How well does ASUS’ ultra-thin gaming notebook perform on benchmarks?
Around a month ago ASUS launched their ultra-thing ROG Zephyrus, possibly the thinnest gaming notebook in the world that has an NVIDIA GTX 1080 graphics card. While we’ve already done our quick reviews with the thing while in ASUS’ home country of Taiwan, we weren’t able to measure the notebook’s performance in any tangible way.
Well, we’re happy to report that we’re now able to give you raw results from several performance benchmarks that we did with the Zephyrus, using 3DMark and several of Unigine’s benchmark tools, including the newly released Superposition benchmark.
Before we start, know that the ROG Zephyrus GX501 review unit that was lent to us is still an engineering unit, and not a retail sample. ASUS may well be able to tweak the software on their final, retail device when it hits the market.
It’s also important to note that NVIDIA’s Max-Q design technology that allowed ASUS to cram a GTX 1080 graphics card into the Zephyrus’ ultra-thin frame comes with a bunch of caveats. The GTX 1080 inside the Zephyrus uses less power than a typical desktop version: a desktop GTX 1080 consumes around 150 watts of power, while the Max-Q version will consume around 90 to 110 watts. Less power consumed means better power consumption and less heat produced overall.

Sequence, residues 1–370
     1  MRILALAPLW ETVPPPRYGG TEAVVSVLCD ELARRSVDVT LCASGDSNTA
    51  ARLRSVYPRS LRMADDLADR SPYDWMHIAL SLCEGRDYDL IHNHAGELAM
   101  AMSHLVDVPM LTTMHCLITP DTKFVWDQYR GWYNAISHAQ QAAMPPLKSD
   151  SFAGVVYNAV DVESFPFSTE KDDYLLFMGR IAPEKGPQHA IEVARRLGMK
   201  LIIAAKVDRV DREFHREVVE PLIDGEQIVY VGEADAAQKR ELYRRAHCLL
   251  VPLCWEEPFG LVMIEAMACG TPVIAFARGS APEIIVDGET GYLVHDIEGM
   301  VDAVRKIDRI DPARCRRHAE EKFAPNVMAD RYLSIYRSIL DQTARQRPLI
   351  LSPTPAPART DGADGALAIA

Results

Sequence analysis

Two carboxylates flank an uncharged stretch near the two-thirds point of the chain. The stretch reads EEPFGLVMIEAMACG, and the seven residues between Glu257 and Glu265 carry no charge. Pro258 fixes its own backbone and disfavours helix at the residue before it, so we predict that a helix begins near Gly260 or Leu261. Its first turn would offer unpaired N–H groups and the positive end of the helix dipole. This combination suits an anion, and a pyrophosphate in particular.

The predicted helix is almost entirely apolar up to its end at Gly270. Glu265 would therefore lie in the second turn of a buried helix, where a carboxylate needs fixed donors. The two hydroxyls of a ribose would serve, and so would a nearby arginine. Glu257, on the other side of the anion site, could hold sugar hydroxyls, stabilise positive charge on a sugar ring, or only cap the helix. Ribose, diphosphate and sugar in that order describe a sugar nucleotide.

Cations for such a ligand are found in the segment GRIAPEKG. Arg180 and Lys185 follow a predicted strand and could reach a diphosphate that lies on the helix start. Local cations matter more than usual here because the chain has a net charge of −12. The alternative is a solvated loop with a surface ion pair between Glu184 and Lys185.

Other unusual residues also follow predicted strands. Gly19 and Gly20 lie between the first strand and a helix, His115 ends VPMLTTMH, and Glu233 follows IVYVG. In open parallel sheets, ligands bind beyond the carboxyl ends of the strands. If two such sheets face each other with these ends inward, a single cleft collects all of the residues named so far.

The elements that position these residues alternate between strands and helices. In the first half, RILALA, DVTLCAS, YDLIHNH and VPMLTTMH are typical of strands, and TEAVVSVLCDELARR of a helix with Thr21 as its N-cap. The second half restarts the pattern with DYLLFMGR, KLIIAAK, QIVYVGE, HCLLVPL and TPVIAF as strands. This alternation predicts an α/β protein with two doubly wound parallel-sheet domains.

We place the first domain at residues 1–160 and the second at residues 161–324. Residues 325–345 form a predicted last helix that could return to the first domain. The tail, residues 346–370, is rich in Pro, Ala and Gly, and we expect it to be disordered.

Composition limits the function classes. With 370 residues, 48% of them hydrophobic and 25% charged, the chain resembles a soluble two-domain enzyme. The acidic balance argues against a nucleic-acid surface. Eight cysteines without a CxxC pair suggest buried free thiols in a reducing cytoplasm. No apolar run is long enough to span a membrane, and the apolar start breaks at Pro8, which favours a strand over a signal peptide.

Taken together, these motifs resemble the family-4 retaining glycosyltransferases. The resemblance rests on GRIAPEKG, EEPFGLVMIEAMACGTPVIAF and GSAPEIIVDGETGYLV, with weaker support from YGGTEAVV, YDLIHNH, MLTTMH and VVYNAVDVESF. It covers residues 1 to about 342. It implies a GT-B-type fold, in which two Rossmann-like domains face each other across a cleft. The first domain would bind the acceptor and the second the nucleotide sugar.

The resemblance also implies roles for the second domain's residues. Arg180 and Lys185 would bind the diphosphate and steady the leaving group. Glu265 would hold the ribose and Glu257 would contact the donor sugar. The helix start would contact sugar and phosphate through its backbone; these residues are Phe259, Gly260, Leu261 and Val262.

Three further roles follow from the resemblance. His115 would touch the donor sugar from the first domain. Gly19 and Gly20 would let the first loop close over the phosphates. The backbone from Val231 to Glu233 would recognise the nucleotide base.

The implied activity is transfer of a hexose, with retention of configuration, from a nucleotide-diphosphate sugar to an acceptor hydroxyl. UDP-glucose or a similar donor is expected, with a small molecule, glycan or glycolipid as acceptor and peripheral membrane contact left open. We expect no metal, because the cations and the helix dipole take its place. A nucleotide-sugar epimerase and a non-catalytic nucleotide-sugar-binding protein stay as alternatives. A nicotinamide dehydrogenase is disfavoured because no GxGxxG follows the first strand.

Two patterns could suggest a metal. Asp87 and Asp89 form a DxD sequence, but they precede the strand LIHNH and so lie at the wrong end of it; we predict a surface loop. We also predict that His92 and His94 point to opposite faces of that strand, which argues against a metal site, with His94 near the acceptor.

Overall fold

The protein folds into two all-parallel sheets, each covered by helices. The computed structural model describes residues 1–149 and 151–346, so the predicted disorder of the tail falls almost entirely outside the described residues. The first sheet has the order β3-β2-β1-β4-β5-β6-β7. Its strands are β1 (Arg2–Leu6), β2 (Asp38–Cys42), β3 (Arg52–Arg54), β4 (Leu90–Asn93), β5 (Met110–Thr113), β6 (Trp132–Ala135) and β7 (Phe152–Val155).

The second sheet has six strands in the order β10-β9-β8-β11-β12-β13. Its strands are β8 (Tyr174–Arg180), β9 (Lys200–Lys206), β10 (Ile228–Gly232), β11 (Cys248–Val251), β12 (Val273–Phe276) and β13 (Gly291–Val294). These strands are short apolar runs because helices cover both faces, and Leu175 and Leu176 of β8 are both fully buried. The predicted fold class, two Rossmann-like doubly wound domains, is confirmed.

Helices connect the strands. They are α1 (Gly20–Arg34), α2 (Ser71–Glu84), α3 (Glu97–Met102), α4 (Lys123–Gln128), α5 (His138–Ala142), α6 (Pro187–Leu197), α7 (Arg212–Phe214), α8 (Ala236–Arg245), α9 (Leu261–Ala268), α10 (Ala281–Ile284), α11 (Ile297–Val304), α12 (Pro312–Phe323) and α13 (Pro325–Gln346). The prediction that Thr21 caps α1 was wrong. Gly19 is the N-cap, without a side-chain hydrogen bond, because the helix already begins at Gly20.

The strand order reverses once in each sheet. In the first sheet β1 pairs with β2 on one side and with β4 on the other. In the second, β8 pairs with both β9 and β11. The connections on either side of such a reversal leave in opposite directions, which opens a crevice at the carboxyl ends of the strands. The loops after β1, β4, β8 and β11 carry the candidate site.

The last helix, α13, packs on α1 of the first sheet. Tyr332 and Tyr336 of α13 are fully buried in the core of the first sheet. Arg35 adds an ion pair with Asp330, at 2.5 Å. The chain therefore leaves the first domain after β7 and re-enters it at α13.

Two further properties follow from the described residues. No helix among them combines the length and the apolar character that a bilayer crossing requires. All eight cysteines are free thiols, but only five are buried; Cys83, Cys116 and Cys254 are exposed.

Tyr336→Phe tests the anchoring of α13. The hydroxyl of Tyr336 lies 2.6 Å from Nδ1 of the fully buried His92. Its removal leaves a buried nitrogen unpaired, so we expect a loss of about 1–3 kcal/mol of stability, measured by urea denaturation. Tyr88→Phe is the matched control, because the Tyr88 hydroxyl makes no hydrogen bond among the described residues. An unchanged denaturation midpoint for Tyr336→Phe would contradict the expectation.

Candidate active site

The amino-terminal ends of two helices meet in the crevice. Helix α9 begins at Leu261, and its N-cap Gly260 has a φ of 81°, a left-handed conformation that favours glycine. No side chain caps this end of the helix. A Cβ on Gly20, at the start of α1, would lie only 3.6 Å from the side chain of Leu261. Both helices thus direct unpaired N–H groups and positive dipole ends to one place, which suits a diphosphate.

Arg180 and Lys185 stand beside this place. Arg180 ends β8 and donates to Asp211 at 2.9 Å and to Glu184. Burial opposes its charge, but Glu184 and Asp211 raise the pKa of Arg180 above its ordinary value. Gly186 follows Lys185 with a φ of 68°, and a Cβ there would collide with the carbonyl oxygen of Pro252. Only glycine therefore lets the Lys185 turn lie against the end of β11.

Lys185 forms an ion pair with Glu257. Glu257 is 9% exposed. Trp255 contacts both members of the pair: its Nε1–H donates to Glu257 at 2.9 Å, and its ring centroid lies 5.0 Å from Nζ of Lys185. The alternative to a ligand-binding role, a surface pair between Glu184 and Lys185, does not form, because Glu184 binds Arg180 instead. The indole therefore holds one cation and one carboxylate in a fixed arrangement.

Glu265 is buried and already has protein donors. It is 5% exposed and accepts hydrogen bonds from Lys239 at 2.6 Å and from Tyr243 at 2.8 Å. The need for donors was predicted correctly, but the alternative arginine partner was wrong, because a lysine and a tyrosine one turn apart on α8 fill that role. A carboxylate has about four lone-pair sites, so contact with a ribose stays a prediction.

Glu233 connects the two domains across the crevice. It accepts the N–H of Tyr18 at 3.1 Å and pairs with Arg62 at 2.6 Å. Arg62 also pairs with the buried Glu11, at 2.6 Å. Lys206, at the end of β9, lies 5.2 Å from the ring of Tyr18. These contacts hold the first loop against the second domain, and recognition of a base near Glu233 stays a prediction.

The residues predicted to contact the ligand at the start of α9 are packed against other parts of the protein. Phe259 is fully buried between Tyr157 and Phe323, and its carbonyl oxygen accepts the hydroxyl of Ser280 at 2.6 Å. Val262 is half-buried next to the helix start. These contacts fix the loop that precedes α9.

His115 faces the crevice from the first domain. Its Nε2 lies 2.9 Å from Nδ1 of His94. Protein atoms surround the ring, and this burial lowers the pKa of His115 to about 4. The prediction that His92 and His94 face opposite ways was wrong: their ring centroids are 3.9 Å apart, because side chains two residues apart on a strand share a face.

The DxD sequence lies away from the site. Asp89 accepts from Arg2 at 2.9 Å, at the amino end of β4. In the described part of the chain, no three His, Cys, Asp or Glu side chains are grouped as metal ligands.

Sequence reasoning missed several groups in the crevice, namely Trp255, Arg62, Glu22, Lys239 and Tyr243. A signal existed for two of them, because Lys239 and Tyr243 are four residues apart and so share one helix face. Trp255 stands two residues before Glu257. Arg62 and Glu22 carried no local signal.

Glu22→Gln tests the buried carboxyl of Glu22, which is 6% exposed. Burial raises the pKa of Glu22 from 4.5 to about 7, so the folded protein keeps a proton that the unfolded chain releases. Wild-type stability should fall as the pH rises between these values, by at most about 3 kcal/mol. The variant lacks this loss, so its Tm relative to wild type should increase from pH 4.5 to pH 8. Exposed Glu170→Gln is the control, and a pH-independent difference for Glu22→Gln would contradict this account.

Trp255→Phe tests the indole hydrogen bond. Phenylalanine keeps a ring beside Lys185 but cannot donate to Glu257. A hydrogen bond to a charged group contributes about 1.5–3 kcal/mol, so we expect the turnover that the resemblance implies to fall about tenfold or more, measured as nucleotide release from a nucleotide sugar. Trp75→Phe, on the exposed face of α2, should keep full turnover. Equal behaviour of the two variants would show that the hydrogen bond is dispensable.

That reduced power load also means that a Max-Q GTX 1080 will have lower base and boost clocks compared to the desktop version, ranging from 1,101MHz to 1,290MHz and boost clocks of 1,278MHz to 1,468MHz, respectively.
The short version is that while Max-Q GTX 1080’s have the roughly the same silicone as the desktop version (2,560 CUDA Cores, 8GB of GDDR5X, and a 256-bit wide memory interface) it consumes less power but has a lower clock overall. That’ll affect gaming performance down the line, so there’s definitely still a trade-off to the design.
Quickly recapping the rest of the specs, the ROG Zephyrus came to us configured with Intel’s Core i7-7700HQ processor, 24GB of RAM, 1TB of M.2 SSD, 15.6-inch full HD display with NVIDIA’s G-Sync tech and Windows 10 Pro.
With that out of the way, let’s check out the benchmarks:
As you can see, the ROG Zephyrus manages to post high numbers in all of our benchmarks so far. Despite being a hair thicker than the latest MacBook, the ROG Zephyrus delivers desktop-grade performance. We’re about to finish our full review within the week along with our gaming benchmarks, so stay tuned till then.